THE JOURNAL OF ALTERNATIVE AND COMPLEMENTARY MEDICINE
Volume 7, Number 5, 2001, pp. 567–574
Mary Ann Liebert, Inc.
Ayurvedic Physiology and Etiology: Ayurvedo
Amritanaam. The Doshas and Their Functioning in Terms
of Contemporary Biology and Physical Chemistry
ALEX HANKEY, Ph.D.
The three doshas of Ayurveda and their five respective subdoshas are related to the modern scientific framework of systems theory, phase transitions, and irreversible thermodynamics. These
empirically well-established concepts of Ayurveda then appear to be far more general biologic
concepts than the neuroendocrinology of their functioning might imply. They express universal
concepts applicable across living organisms—control structures governing living systems. The
hypothesis that the 15 subdoshas can themselves be considered as 5 triplets implies that on the
level of the whole organism, these secondary structures of control appeared at specific stages in
the evolution of life, yielding new insights into their development and evolution. The description of varying states of health and disease given in Ayurvedic etiology is related to the format
of phase transitions in irreversible thermodynamics.
yurveda is well known as the Vedic system of health care of India, practiced effectively for thousands of years by millions of
people (Sharma, 1981–1996; Bhishagratna 1991
and 1996; Murthy, 1984, 1986, 1991 and 1992,
1998 and 2000; Sharma and Clark, 1998). Yet
the terms and concepts it uses to describe types
and functioning of the human body, to classify
levels of health, and to describe the onset of disease have not yet been related to modern scientific biology and medicine. Despite its success, Ayurveda appears unscientific to the
scientist, and for that reason has attracted crit-
icism (The Lord Walton, 2000; U.K. Department
of Health, 2001; Hansard, 2001).
The purpose of this paper is to outline possible ways in which certain concepts in
Ayurveda can be related to those in modern biologic sciences. In this way, the substance of
Ayurvedic theory may become better understood. Furthermore, there is the resultant potential for related research into the nature of life
and living systems.
Linguistically, Ayurveda is the union of the
two words “Ayus,” meaning lifespan of anything in creation from the smallest subatomic
particle to the whole universe, and “Veda,”
meaning knowledge in the pure sense of the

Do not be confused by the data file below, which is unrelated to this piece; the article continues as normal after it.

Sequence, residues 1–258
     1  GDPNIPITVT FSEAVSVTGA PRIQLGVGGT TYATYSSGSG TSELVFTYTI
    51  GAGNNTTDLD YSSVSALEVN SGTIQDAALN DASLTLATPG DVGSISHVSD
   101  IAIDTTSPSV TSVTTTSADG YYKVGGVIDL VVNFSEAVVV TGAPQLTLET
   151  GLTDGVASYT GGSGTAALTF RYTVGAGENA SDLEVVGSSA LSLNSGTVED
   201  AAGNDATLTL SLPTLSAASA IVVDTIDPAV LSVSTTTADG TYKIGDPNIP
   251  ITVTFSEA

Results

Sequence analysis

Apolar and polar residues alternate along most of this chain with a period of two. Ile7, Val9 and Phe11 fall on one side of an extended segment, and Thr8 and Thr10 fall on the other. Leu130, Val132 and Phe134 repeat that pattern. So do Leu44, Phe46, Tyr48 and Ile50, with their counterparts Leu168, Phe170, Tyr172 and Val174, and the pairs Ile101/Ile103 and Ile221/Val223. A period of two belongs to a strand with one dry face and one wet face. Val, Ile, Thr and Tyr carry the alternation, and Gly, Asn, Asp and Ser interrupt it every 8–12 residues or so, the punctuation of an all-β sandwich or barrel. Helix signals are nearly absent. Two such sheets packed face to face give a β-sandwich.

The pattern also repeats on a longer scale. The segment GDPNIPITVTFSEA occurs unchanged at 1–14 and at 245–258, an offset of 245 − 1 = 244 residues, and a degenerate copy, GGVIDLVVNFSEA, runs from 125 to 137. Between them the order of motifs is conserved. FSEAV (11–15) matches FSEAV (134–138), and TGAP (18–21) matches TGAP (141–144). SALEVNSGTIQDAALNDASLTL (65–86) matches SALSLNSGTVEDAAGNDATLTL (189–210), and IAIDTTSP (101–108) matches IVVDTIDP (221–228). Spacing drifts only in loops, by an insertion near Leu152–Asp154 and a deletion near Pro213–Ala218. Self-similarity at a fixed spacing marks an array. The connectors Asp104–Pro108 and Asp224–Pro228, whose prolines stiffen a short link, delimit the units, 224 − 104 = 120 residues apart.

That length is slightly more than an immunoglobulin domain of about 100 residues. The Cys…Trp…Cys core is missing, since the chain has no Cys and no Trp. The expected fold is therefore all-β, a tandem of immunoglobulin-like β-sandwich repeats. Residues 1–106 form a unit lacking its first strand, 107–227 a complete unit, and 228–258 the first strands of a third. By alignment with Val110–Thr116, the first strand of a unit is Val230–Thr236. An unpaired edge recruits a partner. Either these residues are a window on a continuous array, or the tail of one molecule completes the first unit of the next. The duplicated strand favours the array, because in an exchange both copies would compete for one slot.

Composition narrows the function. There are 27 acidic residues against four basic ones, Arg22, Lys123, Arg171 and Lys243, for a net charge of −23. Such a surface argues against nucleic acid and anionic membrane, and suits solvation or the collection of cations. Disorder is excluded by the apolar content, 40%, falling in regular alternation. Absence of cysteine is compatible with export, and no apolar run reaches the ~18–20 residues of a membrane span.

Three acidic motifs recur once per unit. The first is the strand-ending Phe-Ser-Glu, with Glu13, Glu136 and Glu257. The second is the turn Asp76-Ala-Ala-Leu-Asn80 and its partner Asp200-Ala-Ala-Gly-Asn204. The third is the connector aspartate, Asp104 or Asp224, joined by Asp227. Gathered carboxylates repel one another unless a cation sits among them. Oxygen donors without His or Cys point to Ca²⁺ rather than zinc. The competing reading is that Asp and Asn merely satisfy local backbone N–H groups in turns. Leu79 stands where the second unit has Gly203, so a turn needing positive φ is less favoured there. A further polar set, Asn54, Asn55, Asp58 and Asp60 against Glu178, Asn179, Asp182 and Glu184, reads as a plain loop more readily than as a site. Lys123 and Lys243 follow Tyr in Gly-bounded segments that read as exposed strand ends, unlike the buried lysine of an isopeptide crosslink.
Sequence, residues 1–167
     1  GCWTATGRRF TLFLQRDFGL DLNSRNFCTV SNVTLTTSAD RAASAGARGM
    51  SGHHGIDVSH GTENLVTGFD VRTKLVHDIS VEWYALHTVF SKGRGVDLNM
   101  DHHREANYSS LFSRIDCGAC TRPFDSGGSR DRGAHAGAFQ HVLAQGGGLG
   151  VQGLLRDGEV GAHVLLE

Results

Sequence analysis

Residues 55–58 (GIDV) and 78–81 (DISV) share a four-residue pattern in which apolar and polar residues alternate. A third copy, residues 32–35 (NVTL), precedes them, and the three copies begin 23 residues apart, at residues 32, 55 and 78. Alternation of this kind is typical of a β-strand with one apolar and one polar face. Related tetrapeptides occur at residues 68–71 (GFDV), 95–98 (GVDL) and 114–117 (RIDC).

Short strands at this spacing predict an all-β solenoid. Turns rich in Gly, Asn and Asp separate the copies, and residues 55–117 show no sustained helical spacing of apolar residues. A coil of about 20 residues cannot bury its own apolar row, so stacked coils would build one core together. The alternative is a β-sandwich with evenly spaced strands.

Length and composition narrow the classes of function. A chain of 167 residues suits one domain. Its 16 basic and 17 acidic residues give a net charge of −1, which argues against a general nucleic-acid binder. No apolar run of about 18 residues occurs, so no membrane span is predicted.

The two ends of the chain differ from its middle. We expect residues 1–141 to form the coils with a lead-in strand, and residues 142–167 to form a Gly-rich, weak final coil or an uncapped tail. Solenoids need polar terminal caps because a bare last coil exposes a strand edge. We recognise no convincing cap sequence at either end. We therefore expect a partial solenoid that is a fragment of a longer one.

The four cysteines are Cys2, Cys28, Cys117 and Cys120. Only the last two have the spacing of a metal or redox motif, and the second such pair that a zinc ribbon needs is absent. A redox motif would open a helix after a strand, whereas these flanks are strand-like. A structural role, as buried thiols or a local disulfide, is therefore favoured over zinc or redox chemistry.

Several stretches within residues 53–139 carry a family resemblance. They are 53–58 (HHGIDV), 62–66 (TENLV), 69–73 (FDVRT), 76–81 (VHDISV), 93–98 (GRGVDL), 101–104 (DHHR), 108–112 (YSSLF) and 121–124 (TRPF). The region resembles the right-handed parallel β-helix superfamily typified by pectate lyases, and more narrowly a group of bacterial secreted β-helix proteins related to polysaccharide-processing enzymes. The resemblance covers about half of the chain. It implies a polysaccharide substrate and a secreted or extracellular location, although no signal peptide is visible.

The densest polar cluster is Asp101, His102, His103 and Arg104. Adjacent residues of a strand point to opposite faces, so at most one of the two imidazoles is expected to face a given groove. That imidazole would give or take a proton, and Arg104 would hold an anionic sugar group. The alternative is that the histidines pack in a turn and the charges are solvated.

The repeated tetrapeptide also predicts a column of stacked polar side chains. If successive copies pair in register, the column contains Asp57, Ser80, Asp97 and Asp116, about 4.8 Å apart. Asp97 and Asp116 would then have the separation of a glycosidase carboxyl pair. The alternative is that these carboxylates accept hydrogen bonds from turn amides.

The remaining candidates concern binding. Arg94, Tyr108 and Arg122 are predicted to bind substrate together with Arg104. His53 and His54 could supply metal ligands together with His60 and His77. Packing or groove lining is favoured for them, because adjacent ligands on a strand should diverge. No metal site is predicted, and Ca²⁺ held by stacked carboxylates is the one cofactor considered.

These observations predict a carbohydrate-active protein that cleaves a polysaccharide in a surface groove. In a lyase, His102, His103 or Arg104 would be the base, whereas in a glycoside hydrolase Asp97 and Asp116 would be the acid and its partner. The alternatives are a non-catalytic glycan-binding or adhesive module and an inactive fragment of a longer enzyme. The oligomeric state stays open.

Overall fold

Maharishi Foundation, London, United Kingdom.
term. Ayurveda thus literally means the science
of the lifespan of all things in creation, including how such lifespans may be related to each
other. One verse from the primary text on
Ayurveda, the Caraka Samhita (Sharma,
1981–1996), states “Ayurvedo Amritanaam,” that
the purpose of Ayurveda is to gain immortality—the longest lifespan of all.
The image of life as a river—an endless
stream of processes that produce continuous
change, yet enable the overall form to remain
the same—is consistent with the viewpoint
of Ayurveda. Every day we breathe, eat and
drink, and process large quantities of various
kinds of matter, yet we may remain relatively
unchanged. By understanding how the different processes involved maintain the bodily system, we may gain insights into its various
modes of functioning. The river image is parallel to modern understandings of life based
on systems theory (e.g., Weinberg, 1975) and
nonequilibrium thermodynamics (Eigen and
Schuster, 1979; Prigogine, 1980), and points to
such areas of modern science as possible
sources of parallels to Ayurveda.
Most Western biomedical explanatory models of the body are framed in terms of biochemistry, rather than physics. In contrast,
most traditional medical systems such as
Ayurveda begin with “energy” for their theory
of biologic processes, so that in essence they begin with physics, and move on to explaining
biochemical and biologic levels on that basis.
This may explain the misunderstanding, and,
often, dismissal of such models found in modern Western medicine. It may also be in part
because of lack of appreciation of the true scientific nature (and basis) of these explanatory
models or paradigms. It is to be noted that the
relative lack of physics in modern medical explanatory models does not imply the absence
of laws of physics in bodily processes.
This paper attempts to begin a process of elucidating the fundamental Ayurvedic explanations of physiologic functioning in terms of
contemporary physics, physical chemistry, and
a systems approach to biology. From these perspectives, Ayurveda’s concepts make sense,